The identity reflects a new brand strategy for Yahoo that focuses on helping users find a more personalized, customized experience online. In the decades since Yahoo first launched, the internet has grown to be so big and ubiquitous, it’s easy to become overwhelmed with information. With its new products, Yahoo will empower users to better sift out irrelevant parts of the digital world, giving them more control of what they see and when they see it. The strategy positions Yahoo as an “amplification brand,” amplifying the things that matter, helping to “amplify you.” The idea is neatly visualized in Yahoo’s exclamation point, a punctuation mark that literally stands for amplification.

This strategy of simplicity and amplification is expressed in a new logo that is simpler and more flexible than its predecessor, and that looks back to the original, quirky 1996 logo. The new wordmark is set in Centra No. 2 Extrabold, and the letters of the logotype have been modified to be more geometric and compact. The exclamation mark has been italicized for emphasis, as it has been in every iteration of the logo since the company’s founding. The “y” and “!” of the logo are both set at an angle of 22.5 degrees, a forward tilt that suggests a sense of momentum and excitement. The angle––precisely 1/16th of a circle––is the basis for visual language built around angles and incremental slices.

As with the original logo, the new identity captures the voice of a brand named after an exclamation of joy and discovery, and still looks like it should be shouted or yodeled (”yahoOOOOoooo!”). The repeating circles of the “a,” “o”s and the dot on the exclamation point echo of the audio mnemonic of the yodel.

The Pentagram designers worked with Yahoo to iterate through and evaluate a wide range of options—some that were more evocative of the original 1996 logo with its offset baseline and random angles, and some that were completely new. The team conducted in-depth research with employees and stakeholders as part of the process.

The logo has been optimized to work across various platforms and scales, from the small canvas of a mobile app to the side of a building. The identity is further streamlined with a simple “y!” monogram, useful for favicons and social media icons. The monogram is also the foundation for a cohesive brand architecture that locks up the “y!” with various channels to create sub-brands for Yahoo Finance, Yahoo Sports, and Yahoo Weather.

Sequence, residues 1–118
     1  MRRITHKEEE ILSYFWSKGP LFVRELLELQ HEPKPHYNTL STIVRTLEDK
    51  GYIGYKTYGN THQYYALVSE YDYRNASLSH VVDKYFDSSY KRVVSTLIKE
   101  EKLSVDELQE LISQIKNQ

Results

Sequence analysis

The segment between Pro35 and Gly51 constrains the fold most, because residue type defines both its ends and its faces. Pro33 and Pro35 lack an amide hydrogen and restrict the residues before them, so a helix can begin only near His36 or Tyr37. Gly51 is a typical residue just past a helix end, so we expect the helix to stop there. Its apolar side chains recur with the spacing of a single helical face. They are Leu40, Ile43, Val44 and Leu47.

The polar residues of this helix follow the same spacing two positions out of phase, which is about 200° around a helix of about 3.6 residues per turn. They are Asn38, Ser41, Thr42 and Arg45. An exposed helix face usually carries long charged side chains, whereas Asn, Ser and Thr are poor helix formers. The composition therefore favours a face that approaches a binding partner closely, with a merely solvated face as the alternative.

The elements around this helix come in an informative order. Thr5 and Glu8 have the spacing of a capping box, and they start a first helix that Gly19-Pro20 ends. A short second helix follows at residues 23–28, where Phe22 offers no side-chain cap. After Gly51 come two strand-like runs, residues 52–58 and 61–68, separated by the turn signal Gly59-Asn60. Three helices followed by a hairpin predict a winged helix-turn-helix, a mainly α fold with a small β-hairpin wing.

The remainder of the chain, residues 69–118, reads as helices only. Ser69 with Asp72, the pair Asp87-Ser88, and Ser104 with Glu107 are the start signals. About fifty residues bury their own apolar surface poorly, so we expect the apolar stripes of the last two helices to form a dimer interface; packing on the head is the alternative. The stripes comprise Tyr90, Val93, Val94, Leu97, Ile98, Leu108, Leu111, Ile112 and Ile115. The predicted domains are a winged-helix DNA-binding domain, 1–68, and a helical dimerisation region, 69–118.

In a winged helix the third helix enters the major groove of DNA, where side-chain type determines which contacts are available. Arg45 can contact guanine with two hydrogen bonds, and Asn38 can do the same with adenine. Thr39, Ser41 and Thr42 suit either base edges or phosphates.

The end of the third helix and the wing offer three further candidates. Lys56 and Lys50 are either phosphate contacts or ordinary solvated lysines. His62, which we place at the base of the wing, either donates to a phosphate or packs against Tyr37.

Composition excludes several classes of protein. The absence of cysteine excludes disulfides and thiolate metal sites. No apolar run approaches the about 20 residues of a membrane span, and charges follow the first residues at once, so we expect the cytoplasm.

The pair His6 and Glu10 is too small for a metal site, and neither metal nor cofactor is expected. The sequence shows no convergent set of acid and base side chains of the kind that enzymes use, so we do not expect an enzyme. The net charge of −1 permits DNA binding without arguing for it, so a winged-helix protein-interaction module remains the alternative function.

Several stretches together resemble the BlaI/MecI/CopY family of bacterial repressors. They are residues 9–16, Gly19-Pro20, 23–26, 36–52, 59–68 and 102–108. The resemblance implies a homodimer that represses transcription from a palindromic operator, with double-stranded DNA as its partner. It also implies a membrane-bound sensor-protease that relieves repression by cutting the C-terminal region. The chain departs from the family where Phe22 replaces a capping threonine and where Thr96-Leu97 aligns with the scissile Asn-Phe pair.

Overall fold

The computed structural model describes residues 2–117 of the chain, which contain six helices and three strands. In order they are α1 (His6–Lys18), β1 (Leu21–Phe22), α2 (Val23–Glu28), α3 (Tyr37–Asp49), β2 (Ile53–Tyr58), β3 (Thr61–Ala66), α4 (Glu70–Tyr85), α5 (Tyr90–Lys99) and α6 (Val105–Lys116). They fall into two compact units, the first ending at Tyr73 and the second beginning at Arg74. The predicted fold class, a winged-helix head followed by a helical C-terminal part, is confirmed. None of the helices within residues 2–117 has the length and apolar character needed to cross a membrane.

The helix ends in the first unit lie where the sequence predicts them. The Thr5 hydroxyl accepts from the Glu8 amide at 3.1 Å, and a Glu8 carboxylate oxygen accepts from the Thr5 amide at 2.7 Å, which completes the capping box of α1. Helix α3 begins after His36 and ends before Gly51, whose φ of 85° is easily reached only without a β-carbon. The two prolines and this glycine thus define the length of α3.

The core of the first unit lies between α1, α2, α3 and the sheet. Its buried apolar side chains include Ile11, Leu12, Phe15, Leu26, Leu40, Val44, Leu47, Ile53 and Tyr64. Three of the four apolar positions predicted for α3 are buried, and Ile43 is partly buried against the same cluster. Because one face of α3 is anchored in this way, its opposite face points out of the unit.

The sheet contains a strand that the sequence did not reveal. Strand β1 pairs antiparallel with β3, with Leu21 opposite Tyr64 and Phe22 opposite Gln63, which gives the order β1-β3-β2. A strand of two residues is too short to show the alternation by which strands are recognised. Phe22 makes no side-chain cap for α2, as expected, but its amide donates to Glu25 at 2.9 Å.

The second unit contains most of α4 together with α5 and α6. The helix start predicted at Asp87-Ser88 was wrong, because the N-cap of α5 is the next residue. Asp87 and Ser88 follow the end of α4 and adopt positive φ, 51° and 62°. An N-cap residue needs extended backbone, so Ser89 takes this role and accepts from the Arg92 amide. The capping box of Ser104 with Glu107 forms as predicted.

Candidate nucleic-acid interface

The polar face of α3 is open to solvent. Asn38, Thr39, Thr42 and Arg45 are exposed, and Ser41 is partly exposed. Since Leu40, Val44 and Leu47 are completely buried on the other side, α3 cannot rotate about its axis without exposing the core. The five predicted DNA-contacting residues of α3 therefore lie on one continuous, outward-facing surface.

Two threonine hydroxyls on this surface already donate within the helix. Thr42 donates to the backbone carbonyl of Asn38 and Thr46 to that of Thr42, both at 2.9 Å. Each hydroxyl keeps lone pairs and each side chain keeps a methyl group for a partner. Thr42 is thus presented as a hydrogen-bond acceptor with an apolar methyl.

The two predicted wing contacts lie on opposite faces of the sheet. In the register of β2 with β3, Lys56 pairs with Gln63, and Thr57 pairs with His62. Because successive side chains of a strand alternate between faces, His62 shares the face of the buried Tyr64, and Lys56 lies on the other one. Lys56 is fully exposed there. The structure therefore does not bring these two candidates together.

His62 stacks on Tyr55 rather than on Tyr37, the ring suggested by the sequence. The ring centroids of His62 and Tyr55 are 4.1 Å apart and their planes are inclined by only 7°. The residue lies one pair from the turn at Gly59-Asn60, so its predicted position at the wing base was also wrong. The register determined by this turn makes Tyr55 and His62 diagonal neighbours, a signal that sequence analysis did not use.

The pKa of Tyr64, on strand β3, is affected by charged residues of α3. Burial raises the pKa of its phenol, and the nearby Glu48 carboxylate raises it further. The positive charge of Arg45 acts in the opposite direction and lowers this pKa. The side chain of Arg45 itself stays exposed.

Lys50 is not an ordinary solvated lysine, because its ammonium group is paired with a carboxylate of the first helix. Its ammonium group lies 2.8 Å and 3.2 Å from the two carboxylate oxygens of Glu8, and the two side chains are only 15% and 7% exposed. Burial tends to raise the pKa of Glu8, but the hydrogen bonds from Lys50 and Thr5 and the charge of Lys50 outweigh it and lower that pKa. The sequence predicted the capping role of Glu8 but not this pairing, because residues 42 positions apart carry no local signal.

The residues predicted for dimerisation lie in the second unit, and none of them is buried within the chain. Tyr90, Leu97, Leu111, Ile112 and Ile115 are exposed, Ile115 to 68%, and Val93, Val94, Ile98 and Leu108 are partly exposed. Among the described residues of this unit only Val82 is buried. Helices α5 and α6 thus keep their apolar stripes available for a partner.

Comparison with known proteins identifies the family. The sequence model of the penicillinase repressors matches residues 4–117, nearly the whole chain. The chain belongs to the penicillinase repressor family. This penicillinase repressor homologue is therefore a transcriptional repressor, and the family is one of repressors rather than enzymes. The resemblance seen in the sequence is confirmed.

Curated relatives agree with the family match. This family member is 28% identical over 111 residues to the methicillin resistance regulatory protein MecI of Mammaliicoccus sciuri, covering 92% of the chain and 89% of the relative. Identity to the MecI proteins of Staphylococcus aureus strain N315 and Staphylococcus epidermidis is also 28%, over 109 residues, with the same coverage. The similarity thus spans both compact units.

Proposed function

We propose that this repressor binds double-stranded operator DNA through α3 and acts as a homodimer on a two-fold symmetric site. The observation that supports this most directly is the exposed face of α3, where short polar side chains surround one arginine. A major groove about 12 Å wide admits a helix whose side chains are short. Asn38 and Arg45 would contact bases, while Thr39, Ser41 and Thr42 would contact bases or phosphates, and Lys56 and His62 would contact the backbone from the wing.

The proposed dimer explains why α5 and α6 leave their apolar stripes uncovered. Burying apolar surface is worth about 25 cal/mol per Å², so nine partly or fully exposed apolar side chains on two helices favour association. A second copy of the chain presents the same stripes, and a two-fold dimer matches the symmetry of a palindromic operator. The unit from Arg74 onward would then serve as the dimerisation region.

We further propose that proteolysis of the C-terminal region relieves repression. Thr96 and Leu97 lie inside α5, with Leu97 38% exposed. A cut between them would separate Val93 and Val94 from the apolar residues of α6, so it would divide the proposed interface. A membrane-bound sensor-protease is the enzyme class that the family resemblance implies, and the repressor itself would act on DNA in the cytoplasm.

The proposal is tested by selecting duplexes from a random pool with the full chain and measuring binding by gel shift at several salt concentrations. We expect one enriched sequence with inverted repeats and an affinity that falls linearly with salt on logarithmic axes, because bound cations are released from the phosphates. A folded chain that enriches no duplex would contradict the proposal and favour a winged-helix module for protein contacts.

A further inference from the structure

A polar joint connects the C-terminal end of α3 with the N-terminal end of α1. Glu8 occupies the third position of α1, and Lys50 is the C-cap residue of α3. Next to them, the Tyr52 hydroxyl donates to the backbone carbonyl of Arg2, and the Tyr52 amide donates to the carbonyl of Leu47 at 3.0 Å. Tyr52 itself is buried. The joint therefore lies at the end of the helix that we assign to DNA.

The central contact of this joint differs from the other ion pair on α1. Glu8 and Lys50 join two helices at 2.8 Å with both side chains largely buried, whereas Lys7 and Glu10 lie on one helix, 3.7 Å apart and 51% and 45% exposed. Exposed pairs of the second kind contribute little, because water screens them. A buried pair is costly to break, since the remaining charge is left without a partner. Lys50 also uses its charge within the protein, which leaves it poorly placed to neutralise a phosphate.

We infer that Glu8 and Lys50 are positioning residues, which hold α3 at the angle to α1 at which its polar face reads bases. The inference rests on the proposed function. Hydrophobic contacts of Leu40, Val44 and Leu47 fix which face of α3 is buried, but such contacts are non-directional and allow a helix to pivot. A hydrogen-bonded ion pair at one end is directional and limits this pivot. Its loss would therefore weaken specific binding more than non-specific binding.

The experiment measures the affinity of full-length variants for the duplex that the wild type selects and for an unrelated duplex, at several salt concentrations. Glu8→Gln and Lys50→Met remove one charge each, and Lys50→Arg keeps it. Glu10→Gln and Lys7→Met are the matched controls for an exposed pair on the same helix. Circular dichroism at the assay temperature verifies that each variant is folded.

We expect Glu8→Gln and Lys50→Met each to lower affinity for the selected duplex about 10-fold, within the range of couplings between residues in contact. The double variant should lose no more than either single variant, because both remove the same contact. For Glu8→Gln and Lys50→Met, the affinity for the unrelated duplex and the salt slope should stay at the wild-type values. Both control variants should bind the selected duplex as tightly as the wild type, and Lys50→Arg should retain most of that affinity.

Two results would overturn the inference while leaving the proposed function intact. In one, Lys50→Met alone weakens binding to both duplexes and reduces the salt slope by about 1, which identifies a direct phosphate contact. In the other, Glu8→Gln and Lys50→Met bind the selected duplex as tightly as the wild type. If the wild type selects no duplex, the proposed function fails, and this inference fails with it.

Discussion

Of course, the identity appears in purple, Yahoo’s signature color since 2003. (Internally, the rebranding was called “Project Purple.”) The designers refined the palette and made it more contemporary, selecting a primary purple (a bright shade they called “grape jelly”) and secondary purples (“hulk pants” and “malbec”), as well as accent colors.


Yahoo isn’t exactly a popular company these days. But while it’s been down for a long time, it’s not out of the game yet, and today the company is here to remind everyone of that with a new logo that practically screams out (in a newly selected hue of purple): “We still exist and have somehow not imploded like a decayed, hollowed-out husk of a dying oak tree!”

The new logo looks to paint a fresh start for the long-beleaguered company. Designed by Pentagram (the firm behind the bold, sans-serif designs for Citibank, New York City’s OMNY system, and the Cooper Hewitt museum), the new Yahoo logo marks the first redesign for the company since its big overhaul under the leadership of then-CEO Marissa Mayer in 2013.

The new logo lacks the personality of the 2013 design, with a lowercase, sans-serif type that makes it resemble a startup that’s just bought its first print ad campaign on the subway. The only real distinctive quality here is Yahoo’s iconic exclamation point, now at an even more aggressive angle that suggests that it is trying to run away from the rest of the logo. (Pentagram explains that “the ‘y’ and ‘!’ of the logo are both set at an angle of 22.5 degrees, a forward tilt that suggests a sense of momentum and excitement.”)

Yahoo, after a decade of waning relevance, tried to reinvent itself in the early 2010s by bringing on a new CEO, buying companies like Tumblr and Flickr, and beating Apple and Disney to the punch with original streamed TV programming. But Mayer’s changes didn’t save the company. Tumblr and Flickr now have new owners, the TV and news initiatives crumbled, and Yahoo itself was sold to Verizon. It’s barely a flicker of its former self, notable more for the sales and scandals around its products than any actual impact on the world of technology at large.

Along with the new logo, Yahoo also announced an updated version of its flagship Yahoo Mail app (which the company is presumably hoping that customers have forgotten saw all 3 billion of its users hacked in 2013, and which was scanning users’ emails for data to sell to advertisers as recently as August 2018). The new app features dedicated tabs for attachments, deals, and a “Grocery View” feature that shows grocery discounts nearby. There’s also a new one-click unsubscribe option, along with a design that features the new logo.